Pellegrini not feeling pressure despite Man City woes

The Premier League champions are struggling to keep pace with leaders Chelsea and face an uphill battle to stay in the Champions League after last week’s chastening 2-1 home defeat by Barcelona in the last 16 first leg.


Having lost in the FA Cup to second tier Middlesbrough, the Chilean’s hopes of backing up last season’s title and League Cup with more trophies look slim, leading to inevitable speculation about his job.

Asked a Tuesday’s news conference whether he was concerned, he said: “No. I never haven’t any pressure to win an amount of titles, to win a title every year if I want to continue here.”

“The only pressure is when I don’t see my team playing like I want it to.

“Never when I sign a contract do they tell me I have to win the title every year, or five titles in five years,” he added.

“Only one team wins and that doesn’t mean all the others are failures. There are different ways to analyse a season, the title is important but not the only important thing.”

City go into Wednesday’s home match against bottom club Leicester City five points adrift of Chelsea who also have a game in hand. Third-placed Arsenal are only four points behind Pellegrini’s side.

Sunday’s 2-1 defeat by Liverpool was a hammer blow for City and left them five points worse off than they were after 27 games of last season when they surged through to take the title for the second time in three seasons.

“We are second, we have just two or three points less than last year and we continue in the Champions League,” said Pellegrini.

“I don’t think it’s important to think about what happened in the past, it’s important to think about what will happen in the future, to improve, to be consistent for 90 minutes and not have those bad moments in games.

“The concern is to win the next 11 games. It’s important to trust in what we do because I think it’s the same team that won the League Cup and Premier League last season, that scored a lot of goals.”

(Reporting by Martyn Herman, editing by Ed Osmond)

Automakers vow not to give up on electric

Top automakers are vowing not to give up on weak-selling electric vehicles – even as they unveil an array of powerful luxury cars with conventional engines aimed at a growing global automarket.


BMW CEO Norbert Reithofer says that his company cannot do without battery-powered vehicles such as its i3 urban compact.

“In the future, electric drive vehicles will be in demand,” he said at the Geneva International Motor Show, adding that the Munich-based automaker could not meet its targets to reduce emissions without them.

Only about 75,000 of the 12.5 million vehicles sold last year in Europe were electrics or hybrids.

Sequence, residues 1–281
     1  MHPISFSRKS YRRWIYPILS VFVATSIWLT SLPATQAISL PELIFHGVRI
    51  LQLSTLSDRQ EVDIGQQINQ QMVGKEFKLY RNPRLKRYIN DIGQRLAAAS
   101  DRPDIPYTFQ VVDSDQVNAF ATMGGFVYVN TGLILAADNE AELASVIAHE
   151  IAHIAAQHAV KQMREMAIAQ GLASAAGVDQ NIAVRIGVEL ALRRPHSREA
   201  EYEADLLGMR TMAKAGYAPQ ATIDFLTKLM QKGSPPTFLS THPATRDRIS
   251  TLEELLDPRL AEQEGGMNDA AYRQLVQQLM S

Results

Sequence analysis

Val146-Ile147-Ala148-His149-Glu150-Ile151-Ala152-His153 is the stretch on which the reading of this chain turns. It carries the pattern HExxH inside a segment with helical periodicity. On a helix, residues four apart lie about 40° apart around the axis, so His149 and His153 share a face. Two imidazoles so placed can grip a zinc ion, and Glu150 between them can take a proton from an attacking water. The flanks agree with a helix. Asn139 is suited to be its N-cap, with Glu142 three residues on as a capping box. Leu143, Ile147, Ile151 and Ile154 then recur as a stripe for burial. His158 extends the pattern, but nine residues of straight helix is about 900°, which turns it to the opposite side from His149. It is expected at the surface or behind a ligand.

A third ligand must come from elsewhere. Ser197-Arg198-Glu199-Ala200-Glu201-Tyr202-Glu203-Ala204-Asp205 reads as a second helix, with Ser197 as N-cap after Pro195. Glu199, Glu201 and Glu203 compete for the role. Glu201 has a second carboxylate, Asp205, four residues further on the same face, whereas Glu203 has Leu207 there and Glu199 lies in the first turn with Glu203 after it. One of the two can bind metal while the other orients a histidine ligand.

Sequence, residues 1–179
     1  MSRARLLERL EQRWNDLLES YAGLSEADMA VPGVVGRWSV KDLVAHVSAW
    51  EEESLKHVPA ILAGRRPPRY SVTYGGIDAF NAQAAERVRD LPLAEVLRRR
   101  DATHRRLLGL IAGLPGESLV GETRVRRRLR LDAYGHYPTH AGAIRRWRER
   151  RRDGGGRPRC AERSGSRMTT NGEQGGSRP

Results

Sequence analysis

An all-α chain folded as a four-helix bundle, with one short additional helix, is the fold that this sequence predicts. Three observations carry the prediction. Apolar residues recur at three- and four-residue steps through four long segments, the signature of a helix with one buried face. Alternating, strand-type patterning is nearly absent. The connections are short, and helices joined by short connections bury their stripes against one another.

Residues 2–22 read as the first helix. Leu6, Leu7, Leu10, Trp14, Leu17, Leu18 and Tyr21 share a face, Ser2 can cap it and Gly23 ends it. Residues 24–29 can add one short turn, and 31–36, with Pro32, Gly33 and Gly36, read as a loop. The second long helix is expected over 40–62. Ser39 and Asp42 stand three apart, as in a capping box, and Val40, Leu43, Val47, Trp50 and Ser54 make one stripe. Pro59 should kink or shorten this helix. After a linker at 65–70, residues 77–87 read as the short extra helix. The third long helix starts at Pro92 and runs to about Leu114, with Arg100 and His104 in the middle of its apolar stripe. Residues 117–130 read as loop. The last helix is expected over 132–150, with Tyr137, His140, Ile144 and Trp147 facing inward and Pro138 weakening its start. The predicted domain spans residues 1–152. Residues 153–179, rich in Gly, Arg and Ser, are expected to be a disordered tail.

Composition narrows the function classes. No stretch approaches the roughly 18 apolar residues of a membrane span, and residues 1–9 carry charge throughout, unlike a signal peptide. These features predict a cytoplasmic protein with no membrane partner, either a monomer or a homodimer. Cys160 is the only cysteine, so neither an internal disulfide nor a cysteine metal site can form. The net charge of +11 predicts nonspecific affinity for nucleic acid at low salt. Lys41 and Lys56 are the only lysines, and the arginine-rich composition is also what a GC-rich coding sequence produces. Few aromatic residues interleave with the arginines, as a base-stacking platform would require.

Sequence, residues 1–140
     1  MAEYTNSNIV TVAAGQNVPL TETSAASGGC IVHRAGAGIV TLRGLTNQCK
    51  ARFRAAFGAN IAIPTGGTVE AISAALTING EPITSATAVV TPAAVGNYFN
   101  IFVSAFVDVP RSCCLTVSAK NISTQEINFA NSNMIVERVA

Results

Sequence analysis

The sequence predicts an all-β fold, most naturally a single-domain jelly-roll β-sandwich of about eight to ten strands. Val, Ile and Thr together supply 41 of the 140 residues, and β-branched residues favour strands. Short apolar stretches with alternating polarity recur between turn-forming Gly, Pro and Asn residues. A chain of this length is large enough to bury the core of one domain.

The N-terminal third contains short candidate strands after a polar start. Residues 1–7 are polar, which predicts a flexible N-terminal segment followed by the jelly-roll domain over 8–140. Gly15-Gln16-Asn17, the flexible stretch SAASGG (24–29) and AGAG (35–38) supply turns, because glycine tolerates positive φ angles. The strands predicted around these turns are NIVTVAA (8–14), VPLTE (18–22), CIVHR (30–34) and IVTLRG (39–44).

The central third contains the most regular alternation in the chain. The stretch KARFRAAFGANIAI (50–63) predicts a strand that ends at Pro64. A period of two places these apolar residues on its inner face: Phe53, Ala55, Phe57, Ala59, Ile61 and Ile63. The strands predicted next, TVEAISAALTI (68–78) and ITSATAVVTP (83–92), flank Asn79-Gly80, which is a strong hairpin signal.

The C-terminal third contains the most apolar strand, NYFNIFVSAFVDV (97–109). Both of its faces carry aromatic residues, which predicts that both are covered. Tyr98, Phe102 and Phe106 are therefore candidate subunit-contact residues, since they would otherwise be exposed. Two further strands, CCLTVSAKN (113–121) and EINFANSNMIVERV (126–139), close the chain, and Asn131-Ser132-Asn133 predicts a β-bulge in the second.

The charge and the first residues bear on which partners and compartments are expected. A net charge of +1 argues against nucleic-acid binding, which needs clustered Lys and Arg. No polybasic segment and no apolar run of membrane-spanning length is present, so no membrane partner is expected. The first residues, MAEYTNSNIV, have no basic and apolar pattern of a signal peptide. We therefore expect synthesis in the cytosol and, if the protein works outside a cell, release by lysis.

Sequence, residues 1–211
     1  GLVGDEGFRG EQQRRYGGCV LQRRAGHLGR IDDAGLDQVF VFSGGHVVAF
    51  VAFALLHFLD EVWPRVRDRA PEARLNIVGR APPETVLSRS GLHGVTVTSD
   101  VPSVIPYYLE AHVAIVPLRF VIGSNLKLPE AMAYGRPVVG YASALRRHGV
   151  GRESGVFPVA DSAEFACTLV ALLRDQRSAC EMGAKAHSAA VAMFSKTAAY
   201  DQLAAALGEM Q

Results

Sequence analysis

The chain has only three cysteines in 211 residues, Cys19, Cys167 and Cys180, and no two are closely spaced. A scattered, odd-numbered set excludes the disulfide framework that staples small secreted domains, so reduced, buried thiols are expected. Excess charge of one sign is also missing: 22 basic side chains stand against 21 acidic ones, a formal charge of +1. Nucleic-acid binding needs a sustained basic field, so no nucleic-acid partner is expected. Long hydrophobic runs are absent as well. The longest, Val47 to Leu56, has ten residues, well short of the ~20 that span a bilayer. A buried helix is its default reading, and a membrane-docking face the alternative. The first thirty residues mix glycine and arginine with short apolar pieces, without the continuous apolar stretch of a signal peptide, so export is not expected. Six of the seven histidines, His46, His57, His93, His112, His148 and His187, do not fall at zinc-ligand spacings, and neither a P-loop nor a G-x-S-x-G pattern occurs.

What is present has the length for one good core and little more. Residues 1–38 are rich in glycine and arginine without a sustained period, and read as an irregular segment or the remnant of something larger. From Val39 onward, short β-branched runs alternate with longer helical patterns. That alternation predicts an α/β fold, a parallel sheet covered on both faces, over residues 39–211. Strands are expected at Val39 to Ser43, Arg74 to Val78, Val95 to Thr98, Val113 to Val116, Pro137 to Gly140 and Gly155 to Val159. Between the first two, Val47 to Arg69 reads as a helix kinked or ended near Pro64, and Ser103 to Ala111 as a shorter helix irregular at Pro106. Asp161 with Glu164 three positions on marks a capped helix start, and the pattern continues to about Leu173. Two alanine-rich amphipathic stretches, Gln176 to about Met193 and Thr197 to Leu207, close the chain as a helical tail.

Still, auto companies have sunk billions into developing alternative propulsion vehicles over the long term, due to government requirements to limit vehicle emissions and with an eye to restrictions on autos in China due to heavy air pollution.

Daimler CEO Dieter Zetsche said hybrids combining internal combustion and batteries were “truly attractive cars that represent the best of both worlds” and serve as a bridge to future no-emissions vehicles.

He cautioned, however, that the long-life batteries needed for electrics to conquer the market are at least five years off.

Daimler introduced a rechargeable plug-in hybrid of its C-class sedan.

The calls to keep developing alternative-drive cars come even as high-end sports cars take pride of place at this year’s Geneva show.

Lamborghini, Ferrari, Audi and McLaren all are unveiling high-speed machines costing hundreds of thousands, while Daimler has the Maybach Pullman stretch limousine, which will go on sale for north of 500,000 euros ($A715,154.12).

Volkswagen CEO Martin Winterkorn stressed his company’s commitment to new technologies even as the company’s Lamborghini brand showed off its Aventador LP 750-4 Superveloce, a sleek beast of a sports car with an enormous 750 horsepower and a top speed of over 350km/h).

Volkswagen also unveiled a concept sport coupe that’s hybrid driven and can reach 93km/h.

BlackBerry offers new phones, shifts focus

BlackBerry may be launching four new smartphones over the coming year, but the struggling company is staking its future on becoming a giant in software.


“We are committed to making software as a business,” Chen said at the Mobile World Congress wireless show in Barcelona on Tuesday.

“We are going to evolve.”

The company that once popularised handsets with full keyboards has had to reassess its goals since sales failed to keep up with other smartphones in recent years.

Though it presented its new BlackBerry Leap on Tuesday – a “low-to-mid” market phone that will go on sale in Europe in April and be followed by three more handsets – its focus was on software.

In particular, it wants to make its more business-friendly applications, such as its messaging service, available to non-BlackBerry phones.

It will roll out over the next year the BlackBerry Experience, a set of three software packages crafted to improve security and communications for business and government customers.